The barn and buildings of Mrs. D. E. Ward were badly wrecked, the barn unroofed and trees blown down. Mrs. Whitehead had a valuable tract of timber blown down and out buildings destroyed. Philemon Pratt of Elmira, has his barn unroofed, out buildings demolished and a large tract of hardwood and hemlock swept down. The barn of L.T. Weller was unroofed. Clarence Slade, who lately moved into his new house, escaped. The old house was unroofed, the roof falling about 20 feet away. John VanNoy suffered a loss of about $1000. His house was unroofed, four out buildings destroyed and his tobacco crop beaten to the ground.
The Hilton bridge at which the contractors have been at work for three weeks, was partially blown down and moved on its foundation. Across the bridge Porter Hooker’s tobacco shed was blown down in a mass of ruins, his horses were rescued two hours after but little hurt. Mr. Hooker was engaged with LeRoy Williams and others in putting the tobacco in the barn. When the wind began the barn doors were closed and the roar of the hail, rain and wind were terrific. The large doors bent in with the force of the storm and the men braced against the doors to hold them. Suddenly a terrific blast came, and the standard between the doors split the beam above, into which it was mortised. Thus released, the doors gave way with a crash and the standard struck Mr. Hooker in the face, the two iron staples in it, crushing his skull over his right eye and left temple. He fell to the floor but got up again. He was taken to the house finally and laid on the bed, but sunk into unconsciousness and died at 2:45 next morning. All the shingles were stripped from the upper part of the barn roof and all the fences were laid flat while large numbers of trees were swept down and the chimney of the house taken off and all the plastering stripped from some of the upper rooms.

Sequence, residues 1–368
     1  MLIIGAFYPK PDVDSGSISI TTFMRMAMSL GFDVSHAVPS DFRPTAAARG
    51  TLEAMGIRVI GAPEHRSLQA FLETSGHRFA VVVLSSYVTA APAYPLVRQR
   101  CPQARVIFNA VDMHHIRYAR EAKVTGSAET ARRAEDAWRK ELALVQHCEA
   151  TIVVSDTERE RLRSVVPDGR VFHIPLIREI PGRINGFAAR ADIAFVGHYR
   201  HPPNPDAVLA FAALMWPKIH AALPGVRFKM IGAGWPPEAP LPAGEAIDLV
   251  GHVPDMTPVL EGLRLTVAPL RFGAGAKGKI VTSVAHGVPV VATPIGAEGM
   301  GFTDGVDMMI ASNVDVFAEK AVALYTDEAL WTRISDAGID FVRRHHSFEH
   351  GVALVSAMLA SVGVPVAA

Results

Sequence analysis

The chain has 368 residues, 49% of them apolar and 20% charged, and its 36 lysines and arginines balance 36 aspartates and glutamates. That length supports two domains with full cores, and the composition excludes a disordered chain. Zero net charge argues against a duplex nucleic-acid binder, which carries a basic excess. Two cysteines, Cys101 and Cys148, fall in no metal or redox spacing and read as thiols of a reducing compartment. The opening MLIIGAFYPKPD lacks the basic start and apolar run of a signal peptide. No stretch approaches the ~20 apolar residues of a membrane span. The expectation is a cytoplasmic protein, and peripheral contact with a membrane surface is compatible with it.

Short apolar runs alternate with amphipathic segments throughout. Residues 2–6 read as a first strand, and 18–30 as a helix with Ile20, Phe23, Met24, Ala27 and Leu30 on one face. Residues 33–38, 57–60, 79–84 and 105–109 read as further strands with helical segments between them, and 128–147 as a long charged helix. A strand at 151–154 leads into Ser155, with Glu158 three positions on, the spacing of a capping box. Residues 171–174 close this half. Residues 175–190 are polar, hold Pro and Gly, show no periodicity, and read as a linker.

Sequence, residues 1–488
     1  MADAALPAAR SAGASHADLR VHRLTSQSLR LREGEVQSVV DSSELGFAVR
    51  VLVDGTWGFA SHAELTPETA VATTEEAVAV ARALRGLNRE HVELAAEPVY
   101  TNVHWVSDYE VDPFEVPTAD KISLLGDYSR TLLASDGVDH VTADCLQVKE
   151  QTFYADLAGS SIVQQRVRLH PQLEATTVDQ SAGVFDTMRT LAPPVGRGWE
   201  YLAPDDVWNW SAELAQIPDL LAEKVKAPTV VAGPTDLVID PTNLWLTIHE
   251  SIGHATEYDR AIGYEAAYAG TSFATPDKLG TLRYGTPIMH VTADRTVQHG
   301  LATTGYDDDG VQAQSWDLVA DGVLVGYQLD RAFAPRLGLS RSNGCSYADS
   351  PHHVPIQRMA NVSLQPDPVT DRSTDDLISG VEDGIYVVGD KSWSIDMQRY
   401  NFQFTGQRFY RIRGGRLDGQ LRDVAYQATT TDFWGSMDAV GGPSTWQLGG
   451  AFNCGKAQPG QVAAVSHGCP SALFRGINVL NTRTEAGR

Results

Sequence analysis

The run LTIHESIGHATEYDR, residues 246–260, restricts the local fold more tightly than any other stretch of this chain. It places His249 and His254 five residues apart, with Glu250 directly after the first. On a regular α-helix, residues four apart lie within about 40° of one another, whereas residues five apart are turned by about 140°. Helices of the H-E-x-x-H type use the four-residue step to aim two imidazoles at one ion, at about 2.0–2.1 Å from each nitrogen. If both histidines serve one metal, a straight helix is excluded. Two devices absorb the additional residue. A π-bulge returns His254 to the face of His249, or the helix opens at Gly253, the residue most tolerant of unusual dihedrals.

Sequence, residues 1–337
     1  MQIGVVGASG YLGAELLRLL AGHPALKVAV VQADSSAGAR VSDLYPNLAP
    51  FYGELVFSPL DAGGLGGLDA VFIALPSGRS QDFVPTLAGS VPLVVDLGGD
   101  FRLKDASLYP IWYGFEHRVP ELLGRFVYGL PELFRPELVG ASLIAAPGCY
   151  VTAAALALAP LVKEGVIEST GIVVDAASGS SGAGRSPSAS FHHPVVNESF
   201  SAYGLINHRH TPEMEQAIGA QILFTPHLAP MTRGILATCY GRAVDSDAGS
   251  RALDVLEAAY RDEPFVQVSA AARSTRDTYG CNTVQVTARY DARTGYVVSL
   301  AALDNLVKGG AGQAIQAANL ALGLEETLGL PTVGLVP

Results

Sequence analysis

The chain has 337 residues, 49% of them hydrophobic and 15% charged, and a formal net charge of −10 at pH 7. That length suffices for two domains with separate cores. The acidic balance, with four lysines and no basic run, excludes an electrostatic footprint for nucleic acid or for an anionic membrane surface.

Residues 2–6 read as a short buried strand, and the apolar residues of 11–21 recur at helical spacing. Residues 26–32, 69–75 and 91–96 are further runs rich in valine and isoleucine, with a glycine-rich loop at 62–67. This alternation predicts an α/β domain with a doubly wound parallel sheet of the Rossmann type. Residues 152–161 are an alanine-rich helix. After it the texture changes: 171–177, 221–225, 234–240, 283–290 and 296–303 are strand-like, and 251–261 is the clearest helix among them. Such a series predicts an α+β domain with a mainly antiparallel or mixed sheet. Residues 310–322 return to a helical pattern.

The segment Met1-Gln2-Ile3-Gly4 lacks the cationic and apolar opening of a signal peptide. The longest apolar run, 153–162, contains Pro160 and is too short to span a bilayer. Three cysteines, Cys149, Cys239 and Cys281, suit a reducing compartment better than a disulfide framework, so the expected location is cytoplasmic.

Just above there the house and barn of Charles Beach were totally demolished and the upper portion scatted over some forty acres, no two boards or pieces being in the same place. The foundations were swept clean and the lower portion of the house and barn were masses of wreckage and were carried into the middle of the road and over into the lot. Mr. Beach, who was lying on a lounge, was caught in the wreck with his wife and was prisoned in the debris and both swept off. Beach’s leg was broken and he and his wife remained exposed to the rain and hail until he could be released. Such destruction as fell upon this house is seldom seem.
At James Hosley’s the large barn was unroofed, the fragments scattered for a quarter mile. His windows were broken and fruit and shade trees torn up.
At Clayton Fanning’s on the hill beyond, Horace Taylor, who was building a barn, was killed and almost every building down to Franklindale, shows the terrible effects of the storm. Ten barns and tree houses were either unroofed, or demolished. From this point on is the following summary.